11/23/2012 06:56 EST | Updated 01/23/2013 05:12 EST

Protesters clash over Egypt's presidential decrees

Huge rallies for and against President Mohammed Morsi were held in Egypt today, a day after he granted himself sweeping new powers, with some protesters clashing with riot police and others setting fire to the offices of the Muslim Brotherhood.

Morsi issued constitutional amendments on Thursday, giving himself powers above any court as the guardian of Egypt's revolution. At the same time, he ordered the retrial of leaders of ousted president Hosni Mubarak's regime for the killing of protesters in last year's uprising.

In Cairo, thousands of protesters converged on Tahrir Square following Friday midday prayers, led by prominent pro-democracy figures like Mohamed ElBaradei, former head of the UN's nuclear agency.

ElBaradei called Morsi a "new pharaoh," and others said his new decrees put him in the same category as Mubarak, whose autocratic practices and harsh crackdowns led to the revolt against him.

Chants of "leave, leave" rang across the square, echoing calls against Mubarak at the epicentre of last year's uprising, as crowds of protesters circled the square chanting "Morsi is Mubarak" and "revolution everywhere."

Police fired tear gas at the edge of the square as some protesters threw rocks. Other anti-Morsi demonstrators lit small fires in a street leading to the square.

State TV reported that in the Suez Canal cities of Port Said, Ismailia and Suez, the offices of Freedom and Justice, the political arm of the Muslim Brotherhood, had been torched.

Violent clashes also erupted between thousands of pro-democracy protesters and Islamists in the Mediterranean city of Alexandria. Anti-Morsi protesters there stormed the office of the Muslim Brotherhood.

At a rally outside the presidential palace, Morsi told supporters that Egypt was on the path to "freedom and democracy" and that he wants the country to have a "real and strong opposition" that operates in a "clear and clean way."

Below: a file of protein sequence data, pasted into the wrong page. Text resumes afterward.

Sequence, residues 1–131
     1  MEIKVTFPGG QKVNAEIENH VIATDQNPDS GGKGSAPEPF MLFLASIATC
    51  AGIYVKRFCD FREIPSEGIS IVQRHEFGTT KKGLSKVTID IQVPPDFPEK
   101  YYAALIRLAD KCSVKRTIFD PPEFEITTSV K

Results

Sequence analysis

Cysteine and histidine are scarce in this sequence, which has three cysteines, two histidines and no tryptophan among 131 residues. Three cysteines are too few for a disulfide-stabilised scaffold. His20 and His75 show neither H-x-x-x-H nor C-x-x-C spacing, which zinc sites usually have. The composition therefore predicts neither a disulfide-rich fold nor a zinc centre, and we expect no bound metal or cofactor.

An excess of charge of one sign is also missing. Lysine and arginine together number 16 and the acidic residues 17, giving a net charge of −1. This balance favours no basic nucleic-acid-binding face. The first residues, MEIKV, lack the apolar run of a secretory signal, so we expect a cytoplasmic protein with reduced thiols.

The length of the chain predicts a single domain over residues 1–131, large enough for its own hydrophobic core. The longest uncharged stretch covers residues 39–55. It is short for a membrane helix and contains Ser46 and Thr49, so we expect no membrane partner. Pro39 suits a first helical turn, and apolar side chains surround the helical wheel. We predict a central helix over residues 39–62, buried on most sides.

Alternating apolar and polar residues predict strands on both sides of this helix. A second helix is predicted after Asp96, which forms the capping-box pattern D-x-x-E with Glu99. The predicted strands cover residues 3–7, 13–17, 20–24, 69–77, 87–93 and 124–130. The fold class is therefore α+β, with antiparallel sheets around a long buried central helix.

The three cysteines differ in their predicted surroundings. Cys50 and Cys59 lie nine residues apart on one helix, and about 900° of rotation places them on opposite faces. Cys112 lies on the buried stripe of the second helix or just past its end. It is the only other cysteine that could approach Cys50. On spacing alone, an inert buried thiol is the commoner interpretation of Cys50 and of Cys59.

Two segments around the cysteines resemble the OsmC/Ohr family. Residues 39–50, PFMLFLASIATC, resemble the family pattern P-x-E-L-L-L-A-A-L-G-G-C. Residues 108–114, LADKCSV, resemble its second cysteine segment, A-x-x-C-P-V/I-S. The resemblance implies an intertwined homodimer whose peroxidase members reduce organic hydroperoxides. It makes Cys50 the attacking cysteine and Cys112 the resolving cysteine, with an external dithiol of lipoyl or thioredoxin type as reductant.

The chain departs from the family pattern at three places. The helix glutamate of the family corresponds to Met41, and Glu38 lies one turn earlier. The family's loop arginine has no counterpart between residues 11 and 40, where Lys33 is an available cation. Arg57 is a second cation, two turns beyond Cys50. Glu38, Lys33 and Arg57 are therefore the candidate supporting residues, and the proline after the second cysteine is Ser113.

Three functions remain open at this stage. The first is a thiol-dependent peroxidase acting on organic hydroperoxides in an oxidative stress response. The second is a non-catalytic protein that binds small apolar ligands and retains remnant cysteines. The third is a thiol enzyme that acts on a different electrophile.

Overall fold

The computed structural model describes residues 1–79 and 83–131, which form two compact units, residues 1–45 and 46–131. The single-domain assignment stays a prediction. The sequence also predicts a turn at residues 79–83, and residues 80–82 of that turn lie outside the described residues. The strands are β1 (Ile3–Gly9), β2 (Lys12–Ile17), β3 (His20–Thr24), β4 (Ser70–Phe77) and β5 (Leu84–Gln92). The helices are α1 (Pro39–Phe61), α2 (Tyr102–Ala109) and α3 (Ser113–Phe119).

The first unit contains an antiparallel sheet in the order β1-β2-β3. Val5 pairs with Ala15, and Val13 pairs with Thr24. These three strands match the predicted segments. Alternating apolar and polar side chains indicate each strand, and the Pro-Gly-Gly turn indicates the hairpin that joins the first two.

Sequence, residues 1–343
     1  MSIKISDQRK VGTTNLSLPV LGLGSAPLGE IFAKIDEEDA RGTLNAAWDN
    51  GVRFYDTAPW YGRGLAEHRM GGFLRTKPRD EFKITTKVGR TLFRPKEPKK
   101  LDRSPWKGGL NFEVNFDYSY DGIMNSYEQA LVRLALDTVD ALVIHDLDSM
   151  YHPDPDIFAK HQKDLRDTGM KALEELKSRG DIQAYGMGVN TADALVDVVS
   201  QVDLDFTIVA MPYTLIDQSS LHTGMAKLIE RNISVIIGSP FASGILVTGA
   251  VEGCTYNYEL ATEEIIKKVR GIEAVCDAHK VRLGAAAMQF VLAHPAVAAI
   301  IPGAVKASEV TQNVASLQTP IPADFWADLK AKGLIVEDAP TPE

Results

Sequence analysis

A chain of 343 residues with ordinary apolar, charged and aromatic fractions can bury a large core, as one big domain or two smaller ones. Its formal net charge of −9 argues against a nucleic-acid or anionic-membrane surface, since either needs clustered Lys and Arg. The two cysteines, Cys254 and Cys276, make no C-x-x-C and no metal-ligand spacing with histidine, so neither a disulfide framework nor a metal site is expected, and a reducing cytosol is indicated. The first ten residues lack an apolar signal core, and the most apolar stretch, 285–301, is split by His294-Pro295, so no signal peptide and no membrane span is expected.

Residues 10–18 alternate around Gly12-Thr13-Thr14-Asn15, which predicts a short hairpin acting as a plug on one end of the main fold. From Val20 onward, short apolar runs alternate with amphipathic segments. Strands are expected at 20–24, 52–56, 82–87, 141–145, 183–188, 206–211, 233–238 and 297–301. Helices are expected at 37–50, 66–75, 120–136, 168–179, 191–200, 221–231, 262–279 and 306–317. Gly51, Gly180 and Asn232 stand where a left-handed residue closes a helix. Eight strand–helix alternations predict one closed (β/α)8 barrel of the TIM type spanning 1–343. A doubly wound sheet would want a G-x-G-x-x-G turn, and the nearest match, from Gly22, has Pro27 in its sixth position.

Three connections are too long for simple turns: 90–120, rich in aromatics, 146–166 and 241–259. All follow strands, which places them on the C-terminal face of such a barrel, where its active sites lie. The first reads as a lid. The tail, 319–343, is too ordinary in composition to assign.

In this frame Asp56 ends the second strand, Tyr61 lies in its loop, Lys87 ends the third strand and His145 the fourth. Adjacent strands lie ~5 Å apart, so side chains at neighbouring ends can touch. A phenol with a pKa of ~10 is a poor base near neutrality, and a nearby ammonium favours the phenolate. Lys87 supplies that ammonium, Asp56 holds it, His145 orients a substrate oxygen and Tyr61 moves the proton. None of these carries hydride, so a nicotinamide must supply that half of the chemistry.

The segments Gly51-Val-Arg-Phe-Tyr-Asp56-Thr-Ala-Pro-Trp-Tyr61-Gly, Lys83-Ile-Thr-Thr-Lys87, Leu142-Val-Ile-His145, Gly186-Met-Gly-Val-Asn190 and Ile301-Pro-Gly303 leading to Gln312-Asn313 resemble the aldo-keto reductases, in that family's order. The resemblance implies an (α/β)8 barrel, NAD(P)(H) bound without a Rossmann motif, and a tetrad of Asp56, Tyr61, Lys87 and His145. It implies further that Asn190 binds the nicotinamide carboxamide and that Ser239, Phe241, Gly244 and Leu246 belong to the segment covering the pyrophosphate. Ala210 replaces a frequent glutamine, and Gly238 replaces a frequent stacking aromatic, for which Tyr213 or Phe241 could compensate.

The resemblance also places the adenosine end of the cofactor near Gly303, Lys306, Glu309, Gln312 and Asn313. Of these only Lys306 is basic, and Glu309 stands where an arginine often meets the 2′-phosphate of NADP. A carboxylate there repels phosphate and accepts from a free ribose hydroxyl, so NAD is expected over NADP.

"Political stability, social stability and economic stability are what I want, and that is what I am working for," he said, adding everyone in the country has equal rights. "We'd never be able to side with one party against the other."

One of his decrees exempts the country's Islamist-dominated constituent assembly, which is writing Egypt's new constitution, from judicial review. Another gives Morsi the power to take "due measures and steps" to deal with any "threat" to the revolution, national unity and safety or anything that obstructs the work of state institutions.

"Morsi is essentially taking a bit of a gamble here. On the one hand he has announced to the people in the square that he is going to retry security officials and others from the old regime who were acquitted of killing protesters during the revolution and in the months that followed. That's something people on the street here have been demanding for a long time," CBC's Margaret Evans reported.

"On the other hand, he has built these protective measures around himself. People say he's trying to grab power for himself and that they fear he's trying to steal the revolution," Evans said.

Morsi has also fired the country's top prosecutor, Abdel-Maguid Mahmoud — a Mubarak-era appointee — replacing him with Talaat Abdullah, a career judge.

UN concerned

Rights groups have likened Morsi's declarations to new emergency laws.

Among those calling for protests is former presidential candidate Sameh Ashour, who on Friday accused Morsi of being a worse dictator than Mubarak.

Rupert Colville, a spokesman for UN Human Rights Commissioner Navi Pillay, said Morsi's announcement raises concerns over human rights.

"We are very concerned about the possible huge ramifications of this declaration on human rights and the rule of law in Egypt," Colville told reporters in Geneva. "We also fear this could lead to a very volatile situation over the next few days."

Morsi's power base consists mostly of backers of the Islamist Muslim Brotherhood. He took office last June after winning 52 per cent of the vote to become Egypt's first freely elected and civilian president, ending nearly six decades of de facto military rule.